early planting - Knowledgebase Question

louisville, ky
Avatar for dmf8
Question by dmf8
April 30, 2007
I planted 2 rose bushed in March, and they have not done much at all. One of them has developed some dark burgundy leaves, and the other has developed none. Also, I planted some bulbs, called Hyacinths', purple and white. They dried up and fell off. I topped them off afterwards, but I would like to know if they will come back. I have also planted the seeds I received from you all. I purchased a seed starter kit at a Meijer store. It has the peat moss trays. They are starting to grow, but the lid keeps falling off and will not stay on. I water them after the sun goes down with a fine mist. How will I know when to plant them, or how to speed up the growing process? I have alot of problems with really bad clay soil in my yard also. That's all that is in my yard. I have already dug up my small flower bed and redone it. Is there anything else I can do about getting rid of the clay soil so that I can keep my flowers alive? Please let me know. What zone am I in?

Answer from NGA
April 30, 2007
You are in gardening zone 6B. The burgundy colored leaves on your rose bush indicates new growth. When the leaves mature they will turn green. The other bush may just be slow in leafing out. Let's hope you see new growth within the next couple of weeks.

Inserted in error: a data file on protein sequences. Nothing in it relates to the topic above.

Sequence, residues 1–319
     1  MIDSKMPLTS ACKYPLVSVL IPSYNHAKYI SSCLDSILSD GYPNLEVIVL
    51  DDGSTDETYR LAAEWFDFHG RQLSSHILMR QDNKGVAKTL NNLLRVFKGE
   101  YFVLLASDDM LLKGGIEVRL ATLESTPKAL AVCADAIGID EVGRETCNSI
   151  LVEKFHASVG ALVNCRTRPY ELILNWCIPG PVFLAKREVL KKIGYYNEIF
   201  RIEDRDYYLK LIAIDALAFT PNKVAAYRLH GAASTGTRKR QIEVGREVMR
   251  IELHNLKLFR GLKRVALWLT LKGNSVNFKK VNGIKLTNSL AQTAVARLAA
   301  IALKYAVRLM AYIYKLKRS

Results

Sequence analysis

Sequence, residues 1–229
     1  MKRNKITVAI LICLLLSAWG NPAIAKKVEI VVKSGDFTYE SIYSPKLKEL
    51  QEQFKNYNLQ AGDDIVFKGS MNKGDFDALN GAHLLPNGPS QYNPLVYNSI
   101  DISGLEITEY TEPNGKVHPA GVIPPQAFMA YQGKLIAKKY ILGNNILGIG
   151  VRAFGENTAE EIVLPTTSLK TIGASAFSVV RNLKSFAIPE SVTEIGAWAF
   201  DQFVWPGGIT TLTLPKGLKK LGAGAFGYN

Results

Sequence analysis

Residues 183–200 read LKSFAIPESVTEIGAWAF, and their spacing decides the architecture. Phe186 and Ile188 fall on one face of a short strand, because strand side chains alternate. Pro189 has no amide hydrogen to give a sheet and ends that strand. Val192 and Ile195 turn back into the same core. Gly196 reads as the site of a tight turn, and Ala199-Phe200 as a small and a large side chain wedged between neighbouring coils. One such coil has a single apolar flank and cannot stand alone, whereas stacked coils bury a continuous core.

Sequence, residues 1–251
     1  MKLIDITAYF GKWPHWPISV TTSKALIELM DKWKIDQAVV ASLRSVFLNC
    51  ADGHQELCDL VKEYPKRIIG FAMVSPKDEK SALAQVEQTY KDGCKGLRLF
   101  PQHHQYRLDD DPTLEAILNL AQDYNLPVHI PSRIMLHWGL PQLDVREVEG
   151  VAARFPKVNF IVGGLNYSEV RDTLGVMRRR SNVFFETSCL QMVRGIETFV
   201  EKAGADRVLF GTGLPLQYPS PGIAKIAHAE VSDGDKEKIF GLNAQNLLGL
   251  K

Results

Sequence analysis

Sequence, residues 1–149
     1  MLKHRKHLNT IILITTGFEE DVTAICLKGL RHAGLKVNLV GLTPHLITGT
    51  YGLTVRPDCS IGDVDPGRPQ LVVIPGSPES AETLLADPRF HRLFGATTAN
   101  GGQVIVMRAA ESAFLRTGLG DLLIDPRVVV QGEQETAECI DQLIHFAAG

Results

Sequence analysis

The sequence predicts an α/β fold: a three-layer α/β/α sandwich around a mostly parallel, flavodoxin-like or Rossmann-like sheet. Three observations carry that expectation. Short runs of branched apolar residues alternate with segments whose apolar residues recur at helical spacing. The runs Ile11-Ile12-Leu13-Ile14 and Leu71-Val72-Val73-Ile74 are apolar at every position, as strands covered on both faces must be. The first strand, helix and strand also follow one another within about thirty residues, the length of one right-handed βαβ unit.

Hyacinths are early season bloomers and once the flowers fade you should cut off the flowering stem but leave the leaves alone to turn brown and die. They transport energy to the bulb where it is used to produce next spring's flower. After the foliage has died back, cut it off at ground level. Your hyacinths should bloom for you next year.

The lid on your seed starter kit does not have to snap on or make the growing area air tight. In fact, you should raise the lid once a day to allow fresh air to enter. Once your seedlings have developed two sets of leaves they can be transplanted into individual containers to grow even larger.

Clay soil takes a few years to improve but you can do it. Spread 4-5" of organic matter over the planting bed and dig it in to a depth of about 8". Plant your flowers and then spread 2-3" of additional organic matter over the bare soil. At the end of the season dig this organic matter into the soil. The following spring, plant your flowers and then spread organic matter over the bare soil. Again, dig this in at the end of the season. In 3-4 years you will have improved your clay soil and should have good garden loam in your flower beds.

Best wishes with your garden!

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